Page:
London Car Traffic Halved over the Course of the Last 15 Years, Bicycles Trebled

Bicycles for hire in London 1 photo
Photo: Wikipedia
Transport for London, a local government body, has issued a long and very well documented study of everything related to transport and London over the past few years, focusing in particular on 2014. What it found out is interesting, to say the least.
Like all major cities in the western world, London has experienced a population boom, but not the sort that had midwives working extra hours: no, these highly developed metropolises grow because of the constant number of people moving in to take advantage of the available jobs or to start their own new businesses.

For a city with urban planning dating as far back as hundreds of years ago in some places, this terrible influx of people means that traffic bottlenecks were bound to happen. And, indeed, people complain about the horrendously crowded streets of the city during rush hours.

But looking through the statistics provided by the Transport for London analysis, you wouldn’t believe it. If people have trouble now navigating through the city, how in the world could they even move fifteen years ago, when there were more than twice as many cars on the roads? The answer is out there.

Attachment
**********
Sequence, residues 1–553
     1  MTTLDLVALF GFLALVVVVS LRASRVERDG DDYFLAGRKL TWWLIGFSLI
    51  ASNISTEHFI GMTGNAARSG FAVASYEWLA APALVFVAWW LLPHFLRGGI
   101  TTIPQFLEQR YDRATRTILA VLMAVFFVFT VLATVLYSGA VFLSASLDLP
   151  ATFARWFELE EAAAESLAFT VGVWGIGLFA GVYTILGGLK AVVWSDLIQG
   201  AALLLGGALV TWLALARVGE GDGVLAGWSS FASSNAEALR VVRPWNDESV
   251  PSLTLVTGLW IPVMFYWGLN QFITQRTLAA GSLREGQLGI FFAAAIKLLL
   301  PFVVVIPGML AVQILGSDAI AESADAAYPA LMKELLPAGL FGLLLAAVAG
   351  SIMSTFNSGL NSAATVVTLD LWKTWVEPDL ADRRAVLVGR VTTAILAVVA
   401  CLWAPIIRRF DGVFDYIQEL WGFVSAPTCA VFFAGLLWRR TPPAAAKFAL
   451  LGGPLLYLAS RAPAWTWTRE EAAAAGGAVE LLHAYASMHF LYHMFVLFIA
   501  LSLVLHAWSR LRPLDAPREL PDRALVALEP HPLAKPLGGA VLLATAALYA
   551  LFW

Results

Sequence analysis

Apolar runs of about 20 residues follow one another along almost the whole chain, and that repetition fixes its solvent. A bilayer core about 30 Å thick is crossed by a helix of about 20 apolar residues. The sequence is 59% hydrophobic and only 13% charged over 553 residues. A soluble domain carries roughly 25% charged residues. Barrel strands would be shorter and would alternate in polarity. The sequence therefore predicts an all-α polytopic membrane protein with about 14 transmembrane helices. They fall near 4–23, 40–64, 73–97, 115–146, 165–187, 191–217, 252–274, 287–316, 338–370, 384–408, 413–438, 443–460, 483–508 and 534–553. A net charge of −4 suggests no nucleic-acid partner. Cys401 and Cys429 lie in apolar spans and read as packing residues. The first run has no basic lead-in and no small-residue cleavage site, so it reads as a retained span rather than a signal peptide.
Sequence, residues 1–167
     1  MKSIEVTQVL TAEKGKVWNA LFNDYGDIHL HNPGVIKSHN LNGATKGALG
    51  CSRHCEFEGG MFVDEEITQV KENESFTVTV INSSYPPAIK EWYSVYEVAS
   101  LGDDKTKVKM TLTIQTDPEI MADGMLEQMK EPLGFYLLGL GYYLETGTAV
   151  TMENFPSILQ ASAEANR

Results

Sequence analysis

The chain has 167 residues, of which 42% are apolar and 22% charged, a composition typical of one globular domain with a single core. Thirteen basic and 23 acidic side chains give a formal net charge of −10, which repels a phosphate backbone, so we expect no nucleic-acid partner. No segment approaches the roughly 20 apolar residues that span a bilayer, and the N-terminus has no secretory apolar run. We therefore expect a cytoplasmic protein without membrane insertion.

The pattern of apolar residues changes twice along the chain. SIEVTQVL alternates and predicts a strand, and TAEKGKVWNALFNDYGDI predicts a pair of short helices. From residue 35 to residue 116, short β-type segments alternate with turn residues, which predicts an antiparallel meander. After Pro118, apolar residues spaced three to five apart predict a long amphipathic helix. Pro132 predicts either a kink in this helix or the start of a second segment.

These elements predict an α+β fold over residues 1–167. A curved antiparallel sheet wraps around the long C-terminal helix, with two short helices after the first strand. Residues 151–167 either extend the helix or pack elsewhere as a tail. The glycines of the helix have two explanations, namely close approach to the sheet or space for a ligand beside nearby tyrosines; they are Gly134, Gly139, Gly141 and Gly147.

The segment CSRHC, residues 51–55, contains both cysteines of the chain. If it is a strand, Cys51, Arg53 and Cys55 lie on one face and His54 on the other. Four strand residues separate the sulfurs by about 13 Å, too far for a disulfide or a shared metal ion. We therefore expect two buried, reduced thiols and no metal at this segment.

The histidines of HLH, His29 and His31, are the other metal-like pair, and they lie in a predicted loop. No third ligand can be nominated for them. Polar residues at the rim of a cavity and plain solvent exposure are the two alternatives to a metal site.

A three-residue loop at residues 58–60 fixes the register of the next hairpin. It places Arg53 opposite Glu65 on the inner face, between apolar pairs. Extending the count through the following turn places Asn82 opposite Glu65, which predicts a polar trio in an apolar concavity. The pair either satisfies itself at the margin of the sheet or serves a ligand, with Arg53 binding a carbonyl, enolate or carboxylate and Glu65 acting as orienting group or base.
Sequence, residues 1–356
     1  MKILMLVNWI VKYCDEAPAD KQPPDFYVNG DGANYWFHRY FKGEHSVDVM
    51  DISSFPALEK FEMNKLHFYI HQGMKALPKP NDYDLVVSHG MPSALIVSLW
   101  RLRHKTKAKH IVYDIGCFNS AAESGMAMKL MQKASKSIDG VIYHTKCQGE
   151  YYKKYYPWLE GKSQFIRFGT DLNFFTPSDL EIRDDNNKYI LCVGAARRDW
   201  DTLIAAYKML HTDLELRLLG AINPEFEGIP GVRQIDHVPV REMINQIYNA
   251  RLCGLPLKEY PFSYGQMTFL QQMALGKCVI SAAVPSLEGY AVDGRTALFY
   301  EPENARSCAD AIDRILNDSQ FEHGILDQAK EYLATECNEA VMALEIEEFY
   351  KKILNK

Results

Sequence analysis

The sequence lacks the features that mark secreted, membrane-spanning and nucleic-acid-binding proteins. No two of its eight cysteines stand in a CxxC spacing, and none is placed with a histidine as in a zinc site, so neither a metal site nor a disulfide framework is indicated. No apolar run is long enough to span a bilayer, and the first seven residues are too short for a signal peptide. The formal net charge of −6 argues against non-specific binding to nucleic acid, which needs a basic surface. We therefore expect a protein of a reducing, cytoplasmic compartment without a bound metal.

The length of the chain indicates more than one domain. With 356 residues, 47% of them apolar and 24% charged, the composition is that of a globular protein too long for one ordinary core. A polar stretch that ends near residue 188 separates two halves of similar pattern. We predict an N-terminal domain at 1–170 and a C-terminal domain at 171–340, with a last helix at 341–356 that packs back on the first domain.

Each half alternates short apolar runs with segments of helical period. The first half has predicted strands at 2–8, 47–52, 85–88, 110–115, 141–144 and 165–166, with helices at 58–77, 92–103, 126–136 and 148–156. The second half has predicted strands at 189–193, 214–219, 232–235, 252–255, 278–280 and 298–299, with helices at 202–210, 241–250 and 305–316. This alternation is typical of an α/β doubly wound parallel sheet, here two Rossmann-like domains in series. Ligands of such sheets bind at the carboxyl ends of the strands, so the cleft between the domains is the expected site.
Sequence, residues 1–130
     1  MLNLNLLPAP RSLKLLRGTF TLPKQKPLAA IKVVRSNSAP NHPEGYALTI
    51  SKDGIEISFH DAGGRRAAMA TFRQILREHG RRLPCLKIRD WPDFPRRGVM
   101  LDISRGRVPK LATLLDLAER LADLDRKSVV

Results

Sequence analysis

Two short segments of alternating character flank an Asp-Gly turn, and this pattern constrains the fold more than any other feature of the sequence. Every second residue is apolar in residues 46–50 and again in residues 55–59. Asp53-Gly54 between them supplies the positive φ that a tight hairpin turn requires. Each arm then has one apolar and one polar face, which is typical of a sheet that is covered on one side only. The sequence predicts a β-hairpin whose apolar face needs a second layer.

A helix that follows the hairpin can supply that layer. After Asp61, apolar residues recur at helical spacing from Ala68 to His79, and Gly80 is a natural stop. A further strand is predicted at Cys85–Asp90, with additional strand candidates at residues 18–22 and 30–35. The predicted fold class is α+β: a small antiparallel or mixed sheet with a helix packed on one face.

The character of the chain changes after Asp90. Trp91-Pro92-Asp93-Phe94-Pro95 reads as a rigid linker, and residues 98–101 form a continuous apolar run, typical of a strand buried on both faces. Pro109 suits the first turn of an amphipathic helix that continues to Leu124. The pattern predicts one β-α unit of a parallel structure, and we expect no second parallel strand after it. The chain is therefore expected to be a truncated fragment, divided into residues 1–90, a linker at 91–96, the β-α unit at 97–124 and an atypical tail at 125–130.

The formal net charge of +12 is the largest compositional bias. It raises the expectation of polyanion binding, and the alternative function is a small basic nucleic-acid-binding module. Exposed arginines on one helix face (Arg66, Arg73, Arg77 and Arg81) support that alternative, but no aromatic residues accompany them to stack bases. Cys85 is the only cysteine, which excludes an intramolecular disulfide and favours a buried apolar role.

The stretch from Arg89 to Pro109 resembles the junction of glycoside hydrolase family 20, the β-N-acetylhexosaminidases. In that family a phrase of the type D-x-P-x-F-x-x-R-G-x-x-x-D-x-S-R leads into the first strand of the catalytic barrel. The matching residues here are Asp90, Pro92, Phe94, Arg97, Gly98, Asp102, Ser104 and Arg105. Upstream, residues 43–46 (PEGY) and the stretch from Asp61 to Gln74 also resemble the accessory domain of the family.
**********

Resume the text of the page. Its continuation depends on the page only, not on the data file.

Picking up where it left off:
At the same time, people have started to realize that, apart from public transportation, cycling is also a viable solution. It can’t be easy to advocate commuting on a bicycle in a country renowned for its wet weather, but it would appear that the Brits have taken out their raincoats and started pedaling. Over the same course of time when the cars lost half their might, the number of constant cyclers has increased three-fold. From the mere 12,000 cyclists zipping through London’s streets in 2000, there were 36,000 in 2014, and their number can only go up.

Back in 2013, six cyclists were killed in traffic accidents in just two weeks, something that prompted the cycling community to protest against the lack of specific infrastructure. However, as the numbers show, even such a bleak event wasn’t enough to curb the Londoners’ desire to experience the city on two motor-free wheels. Or simply to avoid congestions.

With cars dropping from 137,000 in 2000 to 64,000 in 2014 and bikes rising to 36,000, it is expected that the number of bikes might even surpass that of the cars in the next few years. Come 2020, you might think you ended up in Amsterdam by mistake when you travel to London.
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About the author: Vlad Mitrache
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"Boy meets car, boy loves car, boy gets journalism degree and starts job writing and editing at a car magazine" - 5/5. (Vlad Mitrache if he was a movie)
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